Sun takes on data boom with expanded storage lineup

Sun takes on data boom with expanded storage lineup

Sun expanded its storage line with a series of arrays and a server-storage hybrid.

With many organisations scrambling to meet exploding demand for storage capacity without constantly expanding their IT staffs, Sun Microsystems continues to push open-source software as a solution, along with a new series of storage arrays and a hybrid server-storage platform.

The company says it is trying to tackle twin problems plaguing some storage-intensive enterprises, such as online video providers, high-performance computing shops and companies with large server farms. The need for storage capacity is exploding, while the initial price of that storage and the cost of staff to manage it remain high, said Ray Austin, group manager for storage product marketing at Sun.

On Wednesday, Sun introduced a line of storage arrays called the Sun Storage J4000 series, designed for customers ranging from small businesses to large enterprises with the biggest and fastest-growing storage needs anywhere. The arrays, available now, can cost just $US1 per gigabyte for bulk storage, with significant savings resulting from free software, according to Sun. The systems' high density is designed to save precious rack space.

The lineup starts at $3,000 and includes systems with maximum capacities ranging from 46T bytes to 480T bytes. The basic models are as follows:

  • J4200, with as many as 12 drives per tray, for up to 48 SAS (Serial Attached Small Computer Storage Interface) or SATA (Serial Advanced Technology Attachment) drives
  • J4400: four drives per tray and as many as six SATA ports, with a maximum 192 SAS/SATA drives
  • J4500: four racks, with 48 drives per tray and as many as four SAS ports, for a total of 480 SATA drives

The company also introduced the StorageTek SAS RAID HBA (Host Bus Adapter), which lets users attach the J4000 arrays directly to servers running Solaris, Linux or Windows, in OpenStorage and OpenSolaris environments.

Sun is also updating its Sun Fire X4500 hybrid server-storage platform, nicknamed "Thumper," with the X4540, which has twice the computing performance for the same price, according to the company. The system includes both server and storage capacity in a single device that takes up just four standard rack units and can hold 48 drives, Sun said. Like the X4500, introduced last year, it is designed for sites where space is at a premium. The X4540 will be available this month, with the X4500 family starting at $22,000.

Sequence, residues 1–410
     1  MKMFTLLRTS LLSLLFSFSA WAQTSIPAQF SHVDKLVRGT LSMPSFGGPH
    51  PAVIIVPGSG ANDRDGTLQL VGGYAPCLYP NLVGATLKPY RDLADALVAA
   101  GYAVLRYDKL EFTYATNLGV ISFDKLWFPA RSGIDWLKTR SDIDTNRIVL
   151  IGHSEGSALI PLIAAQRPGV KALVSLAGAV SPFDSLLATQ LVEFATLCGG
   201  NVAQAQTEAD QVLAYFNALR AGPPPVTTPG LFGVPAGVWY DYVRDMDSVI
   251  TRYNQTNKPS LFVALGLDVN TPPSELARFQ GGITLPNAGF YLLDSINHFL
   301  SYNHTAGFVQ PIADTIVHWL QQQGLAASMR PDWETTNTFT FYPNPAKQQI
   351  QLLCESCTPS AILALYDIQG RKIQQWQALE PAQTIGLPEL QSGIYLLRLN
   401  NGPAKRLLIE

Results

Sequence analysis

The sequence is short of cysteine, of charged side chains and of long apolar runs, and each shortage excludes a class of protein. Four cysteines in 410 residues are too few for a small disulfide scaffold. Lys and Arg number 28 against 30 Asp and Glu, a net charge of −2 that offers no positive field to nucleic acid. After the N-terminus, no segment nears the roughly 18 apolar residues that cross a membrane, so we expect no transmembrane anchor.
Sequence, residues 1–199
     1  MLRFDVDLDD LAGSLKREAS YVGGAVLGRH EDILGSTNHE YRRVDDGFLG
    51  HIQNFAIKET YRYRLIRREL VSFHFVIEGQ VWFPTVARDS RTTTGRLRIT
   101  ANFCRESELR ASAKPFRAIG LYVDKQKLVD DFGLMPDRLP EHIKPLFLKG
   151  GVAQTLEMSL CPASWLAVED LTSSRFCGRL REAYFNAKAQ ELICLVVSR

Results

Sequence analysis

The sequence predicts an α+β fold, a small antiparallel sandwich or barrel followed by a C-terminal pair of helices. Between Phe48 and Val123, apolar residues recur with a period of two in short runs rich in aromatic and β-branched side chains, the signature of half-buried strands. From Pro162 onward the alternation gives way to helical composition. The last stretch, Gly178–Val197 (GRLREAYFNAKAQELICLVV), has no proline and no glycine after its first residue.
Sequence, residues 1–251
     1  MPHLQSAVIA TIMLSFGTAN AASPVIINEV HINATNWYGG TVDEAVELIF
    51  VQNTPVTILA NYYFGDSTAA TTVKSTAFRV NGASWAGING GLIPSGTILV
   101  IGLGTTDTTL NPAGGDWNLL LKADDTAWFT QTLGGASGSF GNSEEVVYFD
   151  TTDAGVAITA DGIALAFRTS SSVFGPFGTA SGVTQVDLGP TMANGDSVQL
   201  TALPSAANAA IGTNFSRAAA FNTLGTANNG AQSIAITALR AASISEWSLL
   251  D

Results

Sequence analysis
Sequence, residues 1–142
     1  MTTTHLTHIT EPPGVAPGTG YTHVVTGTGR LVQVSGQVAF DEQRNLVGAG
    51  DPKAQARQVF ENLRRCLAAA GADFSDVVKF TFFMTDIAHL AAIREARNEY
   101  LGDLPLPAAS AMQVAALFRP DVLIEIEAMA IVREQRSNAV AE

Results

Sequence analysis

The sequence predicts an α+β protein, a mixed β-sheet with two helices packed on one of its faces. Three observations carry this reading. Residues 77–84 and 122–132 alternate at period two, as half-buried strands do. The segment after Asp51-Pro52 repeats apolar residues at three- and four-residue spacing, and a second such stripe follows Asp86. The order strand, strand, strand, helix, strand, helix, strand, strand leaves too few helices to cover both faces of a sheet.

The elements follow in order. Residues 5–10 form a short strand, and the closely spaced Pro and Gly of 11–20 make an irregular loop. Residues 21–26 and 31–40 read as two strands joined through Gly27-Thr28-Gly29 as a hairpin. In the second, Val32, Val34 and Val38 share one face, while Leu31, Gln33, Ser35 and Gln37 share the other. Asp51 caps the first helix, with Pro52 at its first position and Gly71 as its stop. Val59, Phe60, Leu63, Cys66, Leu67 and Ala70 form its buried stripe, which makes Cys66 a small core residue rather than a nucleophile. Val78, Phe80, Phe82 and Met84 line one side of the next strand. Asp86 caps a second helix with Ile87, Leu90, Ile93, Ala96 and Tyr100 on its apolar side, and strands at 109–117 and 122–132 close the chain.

Sun has built its Open Storage initiative around free storage software it offers for download, as well as the company's overall emphasis on free software. Used in combination with Sun's OpenSolaris server operating system and Solaris ZFS (Zettabyte File System), the J4000 series offers a cost reduction of as much as 10 times over traditional storage arrays, the company said.

Typical storage systems require separate management software for the servers, storage and SAN (storage area network), along with multiple IT administrators to look over each, according to Sun. The company's combination of software platforms unifies management and reduces the need for ongoing administration, Austin said.

The J4000 and Sun's software should smooth out transitions at Oregon State University's College of Oceanic and Atmospheric Sciences (COAS), according to Chuck Sears, manager of research computing. COAS already has about 1 petabyte of data and is bringing in a lot more from sensors in the field, including coastal radar systems and underwater gliders involved in climate-change research, Sears said.

It's hard to know what kinds of servers or storage COAS will need in the coming years, Sears said.

"As we become more rich in our sensors and our numerical modeling, it's not as easy to get our storage scheme right up front," he said.

Sun's storage technology, especially ZFS, works well with COAS' Solaris servers and makes those unexpected changes easier to carry out, according to Sears. The college is an early user of the J4000 series and sees it as a good tool to keep up with data needs into the future.

Rather than turning to "baling wire and duct tape" to upgrade storage or servers in the future, "what this makes is a very nice, clean storage solution," Sears said. Because the storage system works so well with Solaris, which powers about 75 percent of the college's servers, COAS is looking to move the rest over, too. Storage is the college's biggest IT challenge, and it's driving server OS choice, he said.

However, many IT organizations that are adding to existing infrastructure will be faced with a complex management problem, according to Illuminata analyst John Webster.

No matter what system is in place, things can go wrong, so availability is another key pain point for storage administrators, Webster said. IT managers are hungry for storage management software that can monitor performance, send alerts, find bottlenecks and even automatically solve problems, he said. Lacking that, the only way to deal with growing demand and complexity is hiring more people, which enterprises don't want to do. It's not clear how well Sun's offerings can deliver that kind of intelligence, he said.

Sun's free, open-source software approach, turning its platforms loose for third parties to address particular issues, is good news to many of the kinds of organizations that are already drawn to Sun, analysts said. Those include high-performance computing shops, Web 2.0 companies and universities. But for other customers, it doesn't help, said Terri McClure of Enterprise Strategy Group.

"For the (general enterprise) market, they don't want to internally engineer a solution, they want a bundle," McClure said. "It's not free if you have to design, code and develop the solution on your own. You pay in labor costs."

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